Name: BSA London Medical Sociology Group.
Established: before 1985
Number of members: we have no formal membership, but normally 15-20
people attend our meetings; about half are BSA members.
Aims: to disseminate new sociological knowledge, and encourage contacts
between those interested in medical sociology in London and the South-
Review of the year:
Once again the London group continued to operate very successfully in 2007/8. Over
this period - as in previous years - our meetings have been extremely wide ranging in content,
with presentations on qualitative studies of TB adherence programmes; the relationship
between medical sociology and social gerontology; the politics of ‘right to health’;
telenursing as a professional project; decision-making in NICE; prayer and spiritual
narratives in coping with HIV; relationships with health professionals after stillbirth; research
ethics committees as technologies of trust; and social suffering. Our aim is to include
presenters at every stage of a medical sociological career, ranging from reports on Ph.D
research in progress to the analyses of those in professorial positions, and this was
successfully achieved in 2007/8. Each session ends with a social occasion in a convenient
local venue where the speaker can be informally questioned, useful information about people
or events transmitted, and recent matters of interest within the health and illness field (and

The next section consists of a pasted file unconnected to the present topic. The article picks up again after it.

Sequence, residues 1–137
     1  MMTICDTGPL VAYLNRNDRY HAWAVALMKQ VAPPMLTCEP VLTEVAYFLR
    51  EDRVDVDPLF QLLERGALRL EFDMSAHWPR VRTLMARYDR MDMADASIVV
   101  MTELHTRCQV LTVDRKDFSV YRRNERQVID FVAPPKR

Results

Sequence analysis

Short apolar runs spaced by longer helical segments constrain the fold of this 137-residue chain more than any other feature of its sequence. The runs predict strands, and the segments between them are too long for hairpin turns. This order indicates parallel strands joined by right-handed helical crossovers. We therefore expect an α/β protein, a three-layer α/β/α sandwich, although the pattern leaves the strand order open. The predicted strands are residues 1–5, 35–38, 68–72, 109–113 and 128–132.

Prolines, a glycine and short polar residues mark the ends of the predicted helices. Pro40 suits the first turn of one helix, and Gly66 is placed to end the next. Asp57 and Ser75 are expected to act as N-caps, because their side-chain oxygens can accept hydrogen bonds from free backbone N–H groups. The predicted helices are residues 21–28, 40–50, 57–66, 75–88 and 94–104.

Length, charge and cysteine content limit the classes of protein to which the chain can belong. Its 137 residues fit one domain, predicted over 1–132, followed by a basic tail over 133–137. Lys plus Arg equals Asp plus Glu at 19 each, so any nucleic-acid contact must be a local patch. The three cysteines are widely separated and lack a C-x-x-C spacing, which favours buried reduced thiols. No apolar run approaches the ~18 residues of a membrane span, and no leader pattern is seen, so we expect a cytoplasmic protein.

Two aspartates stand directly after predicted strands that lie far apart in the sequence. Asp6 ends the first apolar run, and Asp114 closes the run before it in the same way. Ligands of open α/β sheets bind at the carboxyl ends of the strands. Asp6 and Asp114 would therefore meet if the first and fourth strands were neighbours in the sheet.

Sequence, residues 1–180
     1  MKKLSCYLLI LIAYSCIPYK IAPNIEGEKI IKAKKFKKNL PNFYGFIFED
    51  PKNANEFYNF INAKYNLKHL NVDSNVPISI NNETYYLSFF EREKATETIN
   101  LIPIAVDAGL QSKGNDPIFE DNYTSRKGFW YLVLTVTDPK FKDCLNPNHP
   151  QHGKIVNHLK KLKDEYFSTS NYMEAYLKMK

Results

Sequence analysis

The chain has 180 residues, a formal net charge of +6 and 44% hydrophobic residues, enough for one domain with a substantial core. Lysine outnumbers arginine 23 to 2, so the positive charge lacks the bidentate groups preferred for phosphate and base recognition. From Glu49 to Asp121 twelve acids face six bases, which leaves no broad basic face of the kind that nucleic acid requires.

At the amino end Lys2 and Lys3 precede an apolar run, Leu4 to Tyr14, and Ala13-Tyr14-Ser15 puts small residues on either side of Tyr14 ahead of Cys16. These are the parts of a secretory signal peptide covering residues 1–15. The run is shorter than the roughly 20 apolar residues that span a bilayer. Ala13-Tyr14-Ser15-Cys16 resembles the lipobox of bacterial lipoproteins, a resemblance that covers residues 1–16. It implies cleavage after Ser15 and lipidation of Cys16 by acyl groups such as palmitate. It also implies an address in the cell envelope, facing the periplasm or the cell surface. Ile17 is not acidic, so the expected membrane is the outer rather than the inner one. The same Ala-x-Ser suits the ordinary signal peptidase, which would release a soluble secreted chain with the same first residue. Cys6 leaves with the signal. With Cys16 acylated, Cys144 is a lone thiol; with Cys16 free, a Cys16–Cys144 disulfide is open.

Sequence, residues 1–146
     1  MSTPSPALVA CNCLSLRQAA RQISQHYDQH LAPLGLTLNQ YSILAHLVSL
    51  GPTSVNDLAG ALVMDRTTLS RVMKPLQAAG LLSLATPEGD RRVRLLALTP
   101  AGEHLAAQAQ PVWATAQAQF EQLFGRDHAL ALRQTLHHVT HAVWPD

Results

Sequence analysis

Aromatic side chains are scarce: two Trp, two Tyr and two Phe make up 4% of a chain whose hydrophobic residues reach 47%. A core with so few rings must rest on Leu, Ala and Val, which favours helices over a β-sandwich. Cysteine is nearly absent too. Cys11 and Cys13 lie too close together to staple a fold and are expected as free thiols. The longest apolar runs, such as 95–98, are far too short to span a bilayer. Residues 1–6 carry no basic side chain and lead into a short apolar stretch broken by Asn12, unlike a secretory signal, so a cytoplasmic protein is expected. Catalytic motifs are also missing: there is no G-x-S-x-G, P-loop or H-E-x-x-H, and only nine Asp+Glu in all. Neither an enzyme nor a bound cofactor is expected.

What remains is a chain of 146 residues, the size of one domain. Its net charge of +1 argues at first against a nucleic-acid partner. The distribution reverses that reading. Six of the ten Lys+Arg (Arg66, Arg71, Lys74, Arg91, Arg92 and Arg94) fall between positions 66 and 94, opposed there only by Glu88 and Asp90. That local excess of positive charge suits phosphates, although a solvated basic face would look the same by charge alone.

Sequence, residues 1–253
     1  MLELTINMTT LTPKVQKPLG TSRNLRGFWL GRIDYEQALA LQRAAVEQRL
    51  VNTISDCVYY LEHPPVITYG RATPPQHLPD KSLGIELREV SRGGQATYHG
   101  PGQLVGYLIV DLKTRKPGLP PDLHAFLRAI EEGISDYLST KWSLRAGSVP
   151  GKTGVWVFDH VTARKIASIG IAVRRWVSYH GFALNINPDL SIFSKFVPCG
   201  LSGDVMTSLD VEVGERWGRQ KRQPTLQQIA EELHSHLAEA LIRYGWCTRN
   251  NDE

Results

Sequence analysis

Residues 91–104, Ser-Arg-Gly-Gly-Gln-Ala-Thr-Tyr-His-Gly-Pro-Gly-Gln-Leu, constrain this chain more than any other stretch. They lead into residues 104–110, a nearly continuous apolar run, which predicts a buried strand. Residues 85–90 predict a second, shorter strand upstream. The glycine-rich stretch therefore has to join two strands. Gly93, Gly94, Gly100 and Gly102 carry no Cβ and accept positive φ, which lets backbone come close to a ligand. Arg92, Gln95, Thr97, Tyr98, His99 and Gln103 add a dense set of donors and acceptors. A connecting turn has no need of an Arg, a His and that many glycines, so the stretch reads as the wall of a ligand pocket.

well beyond) discussed over food and drinks. Average attendance at our meetings seems to
be increasing, and regular attenders say they greatly value the regular opportunity to meet
people with similar sociological concerns.
During the year we welcomed Annie Nixson and Iain Crinson to the committee.
Continuing members are Jacqueline Davies and Miranda Leontowitsch (Treasurer – currently
on maternity leave): their work is much valued by us all.
We would like to thank Kings College London for waiving room charges for our
We intend to have a full programme of meetings in 2009.
Convenor contact details: email@example.com
Future meetings in 2008:
King’s College London, Room 1.16, Franklin Wilkins Building, Stamford Street, London SE1
6NN at 6 -7 p.m.
12 March Internet discussion boards: professional Natalie Armstrong
and patient perspectives University of Warwick
9 April Mapping the field of medical sociology: Clive Seale
a comparative analysis of Sociology of Brunel University
Health and Illness and related health and
14 May Sociocultural processes of healing in John Larsen
mental health services Rethink
11 June Legitimacy chasing its own tail: Patrick Brown
theorising clinical governance through a University of Kent at
critique of instrumental reason Canterbury
8 Oct Stabilising health-related quality of life: David Armstrong
1975-2005 King’s College
12 Nov Conflicts thesis revisited: a case study Vari Drennan
from primary care decision-making Kingston and St
10 Dec Born criminals? Social and ethical Ilina Singh
implications of research into genetics, London School of
development and criminality Economics